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S12 Effect Of Baseline Fvc On Decline In Lung Function With Nintedanib: Results From The Inpulsis™ Trials
  1. U Costabel1,
  2. Y Inoue2,
  3. L Richeldi3,
  4. HR Collard4,
  5. S Stowasser5,
  6. I Tschoepe6,
  7. A Azuma7
  1. 1Ruhrlandklinik, University Hospital, University of Duisburg-Essen, Essen, Germany
  2. 2National Hospital Organization Kinki-Chuo Chest Medical Center, Osaka, Japan
  3. 3University of Southampton, Southampton, UK
  4. 4University of California San Francisco, San Francisco, California, USA
  5. 5Boehringer Ingelheim Pharma GmbH and Co. KG, Ingelheim Am Rhein, Germany
  6. 6Boehringer Ingelheim France S. A. S., Reims, France
  7. 7Nippon Medical School, Tokyo, Japan


Background Nintedanib, an intracellular inhibitor of tyrosine kinases, is in development for the treatment of idiopathic pulmonary fibrosis (IPF). The INPULSIS™ trials were two replicate randomised, double-blind, placebo-controlled, 52-week Phase III trials that assessed the efficacy and safety of nintedanib 150 mg twice daily in patients with IPF. The primary endpoint was the annual rate of decline in forced vital capacity (FVC), which was significantly reduced in the nintedanib group compared with placebo in both trials.

Aim To assess the impact of baseline FVC on the effect of nintedanib on rate of decline in FVC.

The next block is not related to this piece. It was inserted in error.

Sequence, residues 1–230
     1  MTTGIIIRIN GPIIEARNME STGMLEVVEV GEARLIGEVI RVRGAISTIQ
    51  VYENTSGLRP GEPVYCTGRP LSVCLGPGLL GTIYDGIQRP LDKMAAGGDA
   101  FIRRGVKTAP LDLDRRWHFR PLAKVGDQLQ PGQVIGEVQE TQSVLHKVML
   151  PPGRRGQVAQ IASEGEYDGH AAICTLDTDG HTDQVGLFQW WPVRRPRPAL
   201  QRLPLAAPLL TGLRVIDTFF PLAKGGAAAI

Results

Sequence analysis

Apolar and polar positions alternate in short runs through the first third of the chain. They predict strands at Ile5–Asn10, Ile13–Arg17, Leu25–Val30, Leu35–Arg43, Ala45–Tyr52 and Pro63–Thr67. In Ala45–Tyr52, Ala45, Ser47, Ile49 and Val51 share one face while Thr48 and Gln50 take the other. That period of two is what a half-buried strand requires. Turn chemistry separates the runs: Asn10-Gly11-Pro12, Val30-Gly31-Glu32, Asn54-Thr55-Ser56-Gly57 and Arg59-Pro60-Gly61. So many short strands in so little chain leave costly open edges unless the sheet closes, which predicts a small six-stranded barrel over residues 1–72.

Methods A pre-specified subgroup analysis of patients with baseline FVC >70% versus ≤70% of predicted value was undertaken using pooled data from both trials.

Results 700 patients (nintedanib 431, placebo 269) had baseline FVC >70% predicted and 361 patients (nintedanib 207, placebo 154) had baseline FVC ≤70% predicted. For patients with a baseline FVC >70% predicted, mean age was 67.4 years, 76.9% were male, 55.7% were White and mean carbon monoxide diffusion capacity (DLCO) was 4.0 mmol/min/kPa. For patients with a baseline FVC ≤70% predicted, mean age was 65.5 years, 83.9% were male, 60.4% were White and mean DLCO was 3.6 mmol/min/kPa. There was no significant treatment by subgroup interaction: the difference in adjusted annual rate of decline in FVC between the nintedanib and placebo groups was comparable in both subgroups.

Conclusion A subgroup analysis of pooled data from the INPULSIS™ trials showed that nintedanib 150 mg twice daily slowed the decline in lung function in patients with IPF, independent of severity of lung function impairment at baseline.

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